In 1972, members of the Japanese Red Army opened fire in Tel Aviv's airport, killing 24 people. In 1986, a pregnant Irish woman was attempting to fly from Heathrow to Tel Aviv. A check of her luggage revealed that her fiance, a Palestinian, had planted Semtex explosive in her carry-on bag. If not discovered, it would have brought down the plane. In the early 1980s, a German national recently released from prison was befriended by Palestinians. His new friends bought him an airline ticket to Tel Aviv. He thought he was smuggling drugs. But in fact, his bags contained 10 pounds of explosives.

Yes, most aspiring airline suicide bombers are young Muslim men. But not all of them are from the 14 countries listed by the Obama administration. Richard Reid was British. Zacarias Moussaoui was French. One of the terrorists who hijacked an Air France jet in the 1970s on behalf of the Palestinians was a German woman. The suicide bombers who struck the Moscow subway in March were women. And women suicide bombers have struck at checkpoints in the West Bank.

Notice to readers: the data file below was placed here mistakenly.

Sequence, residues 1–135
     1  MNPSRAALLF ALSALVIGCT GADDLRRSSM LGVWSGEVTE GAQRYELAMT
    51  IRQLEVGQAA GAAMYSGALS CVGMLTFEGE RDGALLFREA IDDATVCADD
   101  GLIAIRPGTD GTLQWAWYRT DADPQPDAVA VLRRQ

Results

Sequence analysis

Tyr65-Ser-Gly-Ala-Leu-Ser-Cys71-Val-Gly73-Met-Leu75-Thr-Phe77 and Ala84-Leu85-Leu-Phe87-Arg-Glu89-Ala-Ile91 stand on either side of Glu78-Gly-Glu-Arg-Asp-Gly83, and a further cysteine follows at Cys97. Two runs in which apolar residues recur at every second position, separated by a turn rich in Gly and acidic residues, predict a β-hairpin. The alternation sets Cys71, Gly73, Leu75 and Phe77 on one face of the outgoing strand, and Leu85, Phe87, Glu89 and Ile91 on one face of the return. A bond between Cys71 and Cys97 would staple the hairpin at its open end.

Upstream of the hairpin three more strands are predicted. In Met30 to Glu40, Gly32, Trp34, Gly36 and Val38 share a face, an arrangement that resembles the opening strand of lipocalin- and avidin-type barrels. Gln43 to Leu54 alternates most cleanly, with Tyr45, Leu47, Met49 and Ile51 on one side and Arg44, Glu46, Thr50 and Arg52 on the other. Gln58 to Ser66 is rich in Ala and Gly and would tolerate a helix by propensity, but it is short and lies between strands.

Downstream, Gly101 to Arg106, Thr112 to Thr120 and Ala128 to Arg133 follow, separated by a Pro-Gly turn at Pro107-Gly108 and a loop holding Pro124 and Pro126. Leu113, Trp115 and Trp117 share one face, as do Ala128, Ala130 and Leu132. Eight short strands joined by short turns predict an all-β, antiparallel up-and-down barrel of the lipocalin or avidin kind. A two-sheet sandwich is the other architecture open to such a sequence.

Israeli security succeeds by questioning every passenger. What is the purpose of your trip? Who packed your bags? Where will you be staying? The security agents are all former army (well, nearly everyone in Israel is), have college degrees, and are fired immediately if they make a mistake. They learn psychological profiles of terrorists as well as how to detect things — like the Irish lady traveling to meet her fiance's family without him — that don't smell right.

While it's true that Israel has about 1/60th of the air traffic that we do, and it may not be feasible to undertake exactly that kind of examination in our country, we could at least attempt to apply the principle — looking for terrorists more than weapons. How much longer would it take to ask each passenger a few questions than it does to put them through the full body scanner or to subject them to a pat-down? Some travelers will be questioned more extensively, but on balance, it probably wouldn't add any time to the average trip and might even speed it. And the invasion of privacy would be much less offensive.